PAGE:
Contrary to popular belief, LSD is much more connected to Britain than it is to the US. This engaging book looks at the use of LSD in British society, from its arrival in 1952 to the present day. It provides a hidden history of a controversial drug and how it permeated British culture. The author explores LSD’s use by the medical profession in treating a variety of psychological and mental problems. At the same time, The Ministry of Defense believed they were on the brink of harnessing LSD as a battlefield incapacitation drug that would enable wars to be won without loss of life. But LSD’s popularity rose with its use among the British counterculture, from the 1950s beatniks through to the late 80s acid house parties. At its height, when it was legal, LSD affected the lives and philosophies of significant individuals (politicians, scientists, writers, educators, entertainers, artists, journalists) as well as ordinary people for good and bad. This book is the first to explore LSD’s amazing influence on British culture and society.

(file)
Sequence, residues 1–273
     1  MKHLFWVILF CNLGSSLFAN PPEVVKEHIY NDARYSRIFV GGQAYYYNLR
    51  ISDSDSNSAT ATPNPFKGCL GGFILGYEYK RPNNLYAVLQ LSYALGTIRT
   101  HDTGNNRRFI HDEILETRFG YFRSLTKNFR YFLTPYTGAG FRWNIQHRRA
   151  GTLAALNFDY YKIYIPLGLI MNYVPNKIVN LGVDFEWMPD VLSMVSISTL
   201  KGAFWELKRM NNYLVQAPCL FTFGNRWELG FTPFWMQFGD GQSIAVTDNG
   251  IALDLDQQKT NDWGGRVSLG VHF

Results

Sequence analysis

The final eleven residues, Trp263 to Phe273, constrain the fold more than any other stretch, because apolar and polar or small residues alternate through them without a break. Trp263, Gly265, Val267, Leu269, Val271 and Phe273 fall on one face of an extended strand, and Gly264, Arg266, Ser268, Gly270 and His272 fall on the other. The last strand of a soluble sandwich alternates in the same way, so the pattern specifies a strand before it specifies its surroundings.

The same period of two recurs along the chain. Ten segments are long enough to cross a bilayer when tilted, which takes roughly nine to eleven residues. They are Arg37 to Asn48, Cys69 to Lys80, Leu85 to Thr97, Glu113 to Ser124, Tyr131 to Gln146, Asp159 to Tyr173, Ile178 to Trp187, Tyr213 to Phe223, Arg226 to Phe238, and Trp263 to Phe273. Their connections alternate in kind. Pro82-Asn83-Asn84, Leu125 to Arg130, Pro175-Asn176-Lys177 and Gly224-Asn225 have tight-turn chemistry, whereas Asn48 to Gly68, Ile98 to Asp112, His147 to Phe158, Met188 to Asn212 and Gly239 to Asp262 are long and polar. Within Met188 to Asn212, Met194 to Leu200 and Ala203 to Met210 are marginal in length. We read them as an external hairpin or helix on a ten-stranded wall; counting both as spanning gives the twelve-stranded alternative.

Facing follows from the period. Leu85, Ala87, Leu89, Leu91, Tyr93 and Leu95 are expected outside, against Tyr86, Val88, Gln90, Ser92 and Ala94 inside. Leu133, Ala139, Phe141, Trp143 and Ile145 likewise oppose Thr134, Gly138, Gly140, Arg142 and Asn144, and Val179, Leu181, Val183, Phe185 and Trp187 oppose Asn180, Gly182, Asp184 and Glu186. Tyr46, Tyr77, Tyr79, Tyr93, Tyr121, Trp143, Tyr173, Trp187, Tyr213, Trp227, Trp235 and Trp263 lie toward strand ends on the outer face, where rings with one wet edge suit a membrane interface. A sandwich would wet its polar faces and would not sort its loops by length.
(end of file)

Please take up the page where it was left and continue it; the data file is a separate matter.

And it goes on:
Doctors believed this mysterious drug was a panacea for disorders of the mind. The Secret Intelligence Service and the Ministry of Defence were confident they could harness its powers for interrogation or as a battlefield incapacitant. Hippies and members of the counterculture welcomed the drug as not only a hotline to spiritual experience but also as a Disneyland of the senses.
They were all, to some degree, correct, but no one could completely harness or direct the awesome effect of LSD.
Although outlawed by Parliament, LSD was, and continues to be, taken by millions.
On the 50th anniversary of LSD being introduced to Britain, Albion Dreaming unearths the hidden past of one of the most powerful drugs on the planet and takes the reader on a trip into a psychedelic history of Britain, from which they will return with a new understanding of LSD and its place in society.